RE: [gardeners] Late(?) Transplants

Jane Burdekin (
Thu, 24 May 2001 14:43:15 -0600

Hi Doug,
Have I missed you on the list?  I'm in Boulder too.  Quite the dumb snow
storm we had here last weekend.  I'm ready for spring.


Hi Harry,

I inherited several perennial beds when we bought our house 
last year. A couple of months ago I was out taking stock of what
plants I had and what shape the beds were in and found two Russian 
sage that were intermixed with clumps of blue fescue and yarrow. 
I dug up the Russian sage, cut back the stems to about 3", replanted 
and watered them in well, then forgot about them. Monday evening 
(the day after a freak snowstorm we had here in Colorado) I was checking 
on the gardens and found lots of new growth on both Russian sages. The 
snow and ice didn't seem to bother them. This is the first time I've 
tried to grow Russian sage, but from what I've read they are very hardy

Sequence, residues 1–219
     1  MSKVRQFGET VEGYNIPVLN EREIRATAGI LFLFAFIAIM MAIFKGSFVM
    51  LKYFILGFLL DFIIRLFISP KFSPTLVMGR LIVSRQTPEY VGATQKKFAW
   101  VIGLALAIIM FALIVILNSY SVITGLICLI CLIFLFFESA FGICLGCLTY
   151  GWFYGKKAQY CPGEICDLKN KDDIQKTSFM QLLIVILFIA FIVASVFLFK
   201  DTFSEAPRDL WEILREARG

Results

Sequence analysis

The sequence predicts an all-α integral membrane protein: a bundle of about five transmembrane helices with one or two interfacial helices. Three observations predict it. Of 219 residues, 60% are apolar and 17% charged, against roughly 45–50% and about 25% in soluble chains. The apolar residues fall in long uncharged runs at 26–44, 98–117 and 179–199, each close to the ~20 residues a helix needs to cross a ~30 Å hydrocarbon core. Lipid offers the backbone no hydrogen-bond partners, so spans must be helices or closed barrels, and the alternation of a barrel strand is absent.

and easy to grow. Yours will probably be fine if you keep them watered 
a bit until established.

BTW, are you the same Harry Boswell from RSFC? (If you're not familiar with
the term RSFC, then never mind!).

-Doug Reed
-Boulder, CO
-(Miss. State '76, just in case you are the same Harry)

--- Harry Boswell <> wrote:
> While working in one of my perennial beds yesterday,
> I found some Russian Sage that had been overgrown
> by crocosmia.  I dug out some of both, and separated
> the corcosmia corms form the sage roots.  What I was left
> with was basically bare-root pieces of Russian Sage, which
> I planted.  Will these do OK?  Would I have done better
> to just leave it alone?
> I also found a coneflower trying to grow in the shade in the
> midst of daylilies.  I dug the coneflower up and divided it,
> since it seemed to have basically formed two small clumps,
> and transplanted both clumps.  Should I cut these back?
> They're both pretty leggy.
> Thanks,
> Harry

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